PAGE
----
LONDON – 21st Century Fox and Discovery Communications are the best positioned entertainment companies to benefit from growth at international TV networks, Sterne Agee analyst Vasily Karasyov said Thursday.
He also argued that "the window of opportunity to enter the international pay TV market is now closed" as companies within his universe of covered stocks have spent $5 billion on acquisitions in the space over the last two years.
Among the deals have been Discovery's $1.7 billion acquisition of SBS in Scandinavia and its deal for a majority stake in Eurosport International.
PHOTOS: Leslie Moonves, David Zaslav, Robert Iger: 10 Highly Paid Entertainment CEOs
"We expect M&A activity to moderate and the focus to shift to execution," Karasyov wrote in a report. "We think that only the players with meaningful scale will benefit from overseas growth; those that don’t have material exposure at this point are unlikely to gain it."
He outlined Hollywood players' positioning as follows: "21st Century Fox and Discovery are the best ways to invest in international pay TV; we see Walt Disney, Scripps Networks Interactive nd AMC Networks as mainly U.S.-centric stories."
International networks are "a driver of value in our universe due to organic growth and M&A," Karasyov also explained.
He estimated that the entertainment industry's aggregate 2014 earnings before interest, taxes, depreciation and amortization from overseas channels will increase to $3.8 billion from $2.5 billion in 2011, with total 2014 revenue to hit around $13.5 billion.
This will mean that assuming a common valuation multiple of 13 times estimated earnings, "the sector’s aggregate exposure to international translates into enterprise value of $50 billion," the analyst said.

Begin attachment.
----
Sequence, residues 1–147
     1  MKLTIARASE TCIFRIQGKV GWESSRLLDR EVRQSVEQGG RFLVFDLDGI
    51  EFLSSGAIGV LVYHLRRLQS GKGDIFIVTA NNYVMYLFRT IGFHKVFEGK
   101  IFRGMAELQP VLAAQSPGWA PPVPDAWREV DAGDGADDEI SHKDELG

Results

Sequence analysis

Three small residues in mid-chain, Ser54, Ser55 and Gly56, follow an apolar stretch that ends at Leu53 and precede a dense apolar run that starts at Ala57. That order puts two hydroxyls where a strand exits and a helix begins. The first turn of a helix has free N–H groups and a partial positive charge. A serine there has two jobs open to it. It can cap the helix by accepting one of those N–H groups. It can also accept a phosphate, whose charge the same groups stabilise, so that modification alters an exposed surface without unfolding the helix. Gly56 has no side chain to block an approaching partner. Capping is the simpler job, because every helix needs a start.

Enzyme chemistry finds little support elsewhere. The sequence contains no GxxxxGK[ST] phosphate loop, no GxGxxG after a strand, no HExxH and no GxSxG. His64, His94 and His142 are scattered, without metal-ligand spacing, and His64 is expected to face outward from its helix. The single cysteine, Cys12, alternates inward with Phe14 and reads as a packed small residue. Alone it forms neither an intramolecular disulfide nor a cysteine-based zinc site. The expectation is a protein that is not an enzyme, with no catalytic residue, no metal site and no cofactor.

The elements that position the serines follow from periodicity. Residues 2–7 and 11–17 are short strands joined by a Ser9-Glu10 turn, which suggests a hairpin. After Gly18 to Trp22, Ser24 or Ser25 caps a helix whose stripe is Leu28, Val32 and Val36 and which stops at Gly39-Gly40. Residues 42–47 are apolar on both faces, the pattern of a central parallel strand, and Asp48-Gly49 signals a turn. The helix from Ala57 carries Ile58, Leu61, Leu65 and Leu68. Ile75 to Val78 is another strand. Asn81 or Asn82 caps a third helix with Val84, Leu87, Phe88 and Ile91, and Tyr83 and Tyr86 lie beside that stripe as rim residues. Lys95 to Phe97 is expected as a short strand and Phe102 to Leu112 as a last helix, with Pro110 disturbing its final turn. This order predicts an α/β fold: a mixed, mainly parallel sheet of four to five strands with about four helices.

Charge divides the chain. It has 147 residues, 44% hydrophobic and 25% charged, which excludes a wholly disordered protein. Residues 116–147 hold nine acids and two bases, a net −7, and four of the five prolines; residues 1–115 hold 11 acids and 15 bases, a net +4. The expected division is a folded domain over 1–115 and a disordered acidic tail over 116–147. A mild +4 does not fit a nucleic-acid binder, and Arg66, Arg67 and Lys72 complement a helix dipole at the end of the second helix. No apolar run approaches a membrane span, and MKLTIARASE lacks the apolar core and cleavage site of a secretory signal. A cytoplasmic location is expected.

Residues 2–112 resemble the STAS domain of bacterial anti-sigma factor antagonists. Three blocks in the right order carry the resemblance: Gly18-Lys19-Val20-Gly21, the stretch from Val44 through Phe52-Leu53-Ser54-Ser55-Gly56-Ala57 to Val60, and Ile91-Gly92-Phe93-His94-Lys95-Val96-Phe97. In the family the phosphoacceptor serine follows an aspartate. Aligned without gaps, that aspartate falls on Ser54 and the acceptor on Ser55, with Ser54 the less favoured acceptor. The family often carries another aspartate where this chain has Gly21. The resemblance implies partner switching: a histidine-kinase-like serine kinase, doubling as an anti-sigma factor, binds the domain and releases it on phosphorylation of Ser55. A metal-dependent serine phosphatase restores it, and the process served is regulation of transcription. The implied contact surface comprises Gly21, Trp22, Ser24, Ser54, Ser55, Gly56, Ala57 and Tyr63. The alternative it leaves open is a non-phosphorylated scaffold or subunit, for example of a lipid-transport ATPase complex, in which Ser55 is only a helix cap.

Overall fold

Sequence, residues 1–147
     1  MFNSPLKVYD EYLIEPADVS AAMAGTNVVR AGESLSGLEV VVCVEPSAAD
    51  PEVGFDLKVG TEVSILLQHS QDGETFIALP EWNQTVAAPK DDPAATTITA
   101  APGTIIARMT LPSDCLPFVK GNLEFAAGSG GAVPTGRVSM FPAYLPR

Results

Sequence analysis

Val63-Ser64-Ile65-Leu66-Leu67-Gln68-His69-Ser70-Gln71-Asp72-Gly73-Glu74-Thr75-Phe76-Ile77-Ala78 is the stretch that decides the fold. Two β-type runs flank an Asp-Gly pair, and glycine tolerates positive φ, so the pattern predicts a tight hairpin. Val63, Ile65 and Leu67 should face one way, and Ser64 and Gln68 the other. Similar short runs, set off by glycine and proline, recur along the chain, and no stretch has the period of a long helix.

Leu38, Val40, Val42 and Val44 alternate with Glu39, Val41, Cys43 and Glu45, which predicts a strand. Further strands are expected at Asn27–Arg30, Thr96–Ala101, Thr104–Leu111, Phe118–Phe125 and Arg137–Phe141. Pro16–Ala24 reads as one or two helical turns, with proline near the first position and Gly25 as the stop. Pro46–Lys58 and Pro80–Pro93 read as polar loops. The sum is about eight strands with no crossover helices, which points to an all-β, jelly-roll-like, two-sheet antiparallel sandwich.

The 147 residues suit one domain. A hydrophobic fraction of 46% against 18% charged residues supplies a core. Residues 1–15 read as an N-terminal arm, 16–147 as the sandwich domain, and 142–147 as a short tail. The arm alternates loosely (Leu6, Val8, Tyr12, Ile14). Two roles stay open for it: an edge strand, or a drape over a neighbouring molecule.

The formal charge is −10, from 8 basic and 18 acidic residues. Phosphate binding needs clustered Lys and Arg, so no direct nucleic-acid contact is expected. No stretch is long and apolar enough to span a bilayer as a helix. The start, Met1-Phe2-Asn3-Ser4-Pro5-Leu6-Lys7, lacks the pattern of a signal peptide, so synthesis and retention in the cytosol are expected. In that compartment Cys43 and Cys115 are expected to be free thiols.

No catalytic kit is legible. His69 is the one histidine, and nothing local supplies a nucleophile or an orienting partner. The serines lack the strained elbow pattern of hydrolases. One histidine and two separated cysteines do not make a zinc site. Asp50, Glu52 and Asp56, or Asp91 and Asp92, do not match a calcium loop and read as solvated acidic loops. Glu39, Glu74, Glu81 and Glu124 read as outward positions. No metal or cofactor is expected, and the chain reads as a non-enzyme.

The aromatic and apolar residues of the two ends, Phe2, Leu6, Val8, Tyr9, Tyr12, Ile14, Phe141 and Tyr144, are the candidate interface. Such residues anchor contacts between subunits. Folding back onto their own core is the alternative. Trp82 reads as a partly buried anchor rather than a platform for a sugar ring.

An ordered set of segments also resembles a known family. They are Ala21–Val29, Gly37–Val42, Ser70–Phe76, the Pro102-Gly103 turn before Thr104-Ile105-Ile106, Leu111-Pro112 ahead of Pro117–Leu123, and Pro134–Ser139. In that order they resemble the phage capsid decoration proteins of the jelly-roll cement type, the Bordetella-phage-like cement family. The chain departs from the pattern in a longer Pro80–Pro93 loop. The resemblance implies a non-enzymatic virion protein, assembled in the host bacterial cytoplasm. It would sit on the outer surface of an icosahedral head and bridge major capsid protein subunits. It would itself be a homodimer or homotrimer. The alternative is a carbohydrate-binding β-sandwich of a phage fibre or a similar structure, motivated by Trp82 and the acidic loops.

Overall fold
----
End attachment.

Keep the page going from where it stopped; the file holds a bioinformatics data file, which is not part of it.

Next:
Karasyov said Fox and Discovery have a leg up on competitors in terms of international TV growth. "It’s the footprint that enables the two companies to grow, both organically and through acquisitions," he said. "Discovery owes its scale to being one of the earliest players in international pay TV. Fox has benefited from an accelerated pace of channel launches over several years, which was possible because of the company’s affiliation with many pay TV distributors in the world."
Because it is difficult to replicate market leaders’ existing footprint, Karasyov wrote: "We don’t expect significant changes to the current landscape. We think Disney’s international strategy will be mainly focused on the Disney Channel after ESPN U.K.’s shutdown. We believe that Scripps Networks will continue to face challenges in getting distribution for its flagship U.S. channels."
Meanwhile, at Time Warner and Viacom, "international networks are healthy but the impact on consolidated results is relatively limited due to size of U.S. assets," the analyst highlighted.
What about AMC Networks, which recently acquired Liberty Global's networks arm Chellomedia? Karasyov predicted that this "will not transform AMC into an international growth story because of its relatively small weight in consolidated EBITDA, high exposure to slower growing European markets and competition in Latin America."